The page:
Two years ago Tropical Cattle Company owners Jon and Sue Joyce began an extensive fixed time artificial insemination (FTAI) program on their Ingham-based property, The Orient, which has greatly bolstered the quality of their commercial Brahman herd.
The Joyce’s have owned The Orient for close to 50 years, and with Cody and Holly Sheahan managing the property they’re in the process of putting their 2000 breeders through the program, from which several AI calve drops have already occurred.
Jon said the program has provided “very pleasing” results, not just for the genetic gains they’re achieving, but because it has allowed them to tighten calving patterns and better plan the running of the operation.
“It was Tropical Vet Services Ingham’s Dr Callan Solari who spurred us on to begin the FTAI program using the DIB-H progesterone device which he’d seen being used by producers during a trip to Argentina,” he said.
Dr Liz Pryor from Boehringer Ingelheim Animal Health (the developers of DIB-H) said progesterone assists in the regulation of other hormones released during a cows cycle and allows the animal in question to ovulate at the right time.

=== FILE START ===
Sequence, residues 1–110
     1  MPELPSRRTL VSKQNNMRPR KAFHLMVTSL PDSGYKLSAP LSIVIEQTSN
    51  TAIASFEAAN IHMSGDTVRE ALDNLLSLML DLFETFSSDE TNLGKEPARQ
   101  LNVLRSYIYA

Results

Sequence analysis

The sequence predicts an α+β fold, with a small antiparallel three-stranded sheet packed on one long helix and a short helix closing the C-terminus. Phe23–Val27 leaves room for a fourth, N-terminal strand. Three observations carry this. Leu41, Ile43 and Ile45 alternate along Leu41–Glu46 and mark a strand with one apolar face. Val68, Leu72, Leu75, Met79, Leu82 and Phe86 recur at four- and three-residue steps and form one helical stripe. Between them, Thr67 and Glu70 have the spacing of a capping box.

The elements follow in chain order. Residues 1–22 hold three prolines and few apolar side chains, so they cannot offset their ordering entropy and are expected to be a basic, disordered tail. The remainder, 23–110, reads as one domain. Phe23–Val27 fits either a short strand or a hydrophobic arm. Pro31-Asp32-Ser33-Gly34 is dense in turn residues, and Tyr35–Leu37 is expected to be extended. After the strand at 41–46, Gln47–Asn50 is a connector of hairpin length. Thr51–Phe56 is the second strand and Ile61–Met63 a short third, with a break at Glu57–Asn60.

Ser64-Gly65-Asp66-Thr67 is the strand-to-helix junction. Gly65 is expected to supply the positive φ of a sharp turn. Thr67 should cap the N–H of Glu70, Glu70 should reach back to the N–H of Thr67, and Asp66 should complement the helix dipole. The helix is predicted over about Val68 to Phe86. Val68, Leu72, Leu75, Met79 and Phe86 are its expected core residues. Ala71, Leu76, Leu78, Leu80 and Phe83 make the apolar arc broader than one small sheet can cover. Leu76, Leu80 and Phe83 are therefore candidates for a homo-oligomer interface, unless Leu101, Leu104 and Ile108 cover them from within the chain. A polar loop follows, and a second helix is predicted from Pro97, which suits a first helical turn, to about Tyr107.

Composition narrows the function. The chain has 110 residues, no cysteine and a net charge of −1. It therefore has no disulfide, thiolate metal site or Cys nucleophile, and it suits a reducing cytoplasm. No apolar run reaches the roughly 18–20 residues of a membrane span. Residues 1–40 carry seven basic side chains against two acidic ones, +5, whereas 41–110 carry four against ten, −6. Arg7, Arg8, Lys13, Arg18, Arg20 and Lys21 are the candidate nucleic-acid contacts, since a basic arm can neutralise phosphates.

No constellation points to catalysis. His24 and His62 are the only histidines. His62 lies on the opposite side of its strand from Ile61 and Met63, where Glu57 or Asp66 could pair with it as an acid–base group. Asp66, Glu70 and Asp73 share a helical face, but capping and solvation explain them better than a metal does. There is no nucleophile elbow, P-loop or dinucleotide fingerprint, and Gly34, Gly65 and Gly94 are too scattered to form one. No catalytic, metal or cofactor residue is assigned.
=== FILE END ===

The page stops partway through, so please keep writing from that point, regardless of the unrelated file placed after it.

“If too much progesterone is used in a reproductive program, fertility can be negatively affected, delaying the onset of ovulation, or even causing ovulation to cease entirely,” she said.
“DIB-H offers a lower dose of progesterone that is optimised for use in all beef cows and heifers, and certain cattle types like Bos Indicus are more sensitive to its effects in assisted breeding programs.”
Jon said Callan has been acting as their supervisor for the entire run of the program to date, and has taught Cody how to implement the protocols.
“Cody had never done synchronisation before, but because the protocols are easy to follow and the device is easy to use, they’ve been able to do it themselves since Callan ran them through it.”
“It’s a valuable tool to have, as it gives us total control of our breeding program.”
Jon said they are continuing to put their females through the program, but it will depend on the weather as to how many programs they can complete each year.
“The advantage of implementing the program at The Orient, is that the weather is pretty predictable in Ingham, so we can plan our programs around the wet.”
He said the aim is to eventually have their primarily Grey polled commercial herd be indistinguishable from their stud bulls, which they’re achieving by sourcing the best poll and horned semen available, domestically and from the US.
“We expect more than 190 bulls produced through the program will be available for private purchase next year, with more to come.”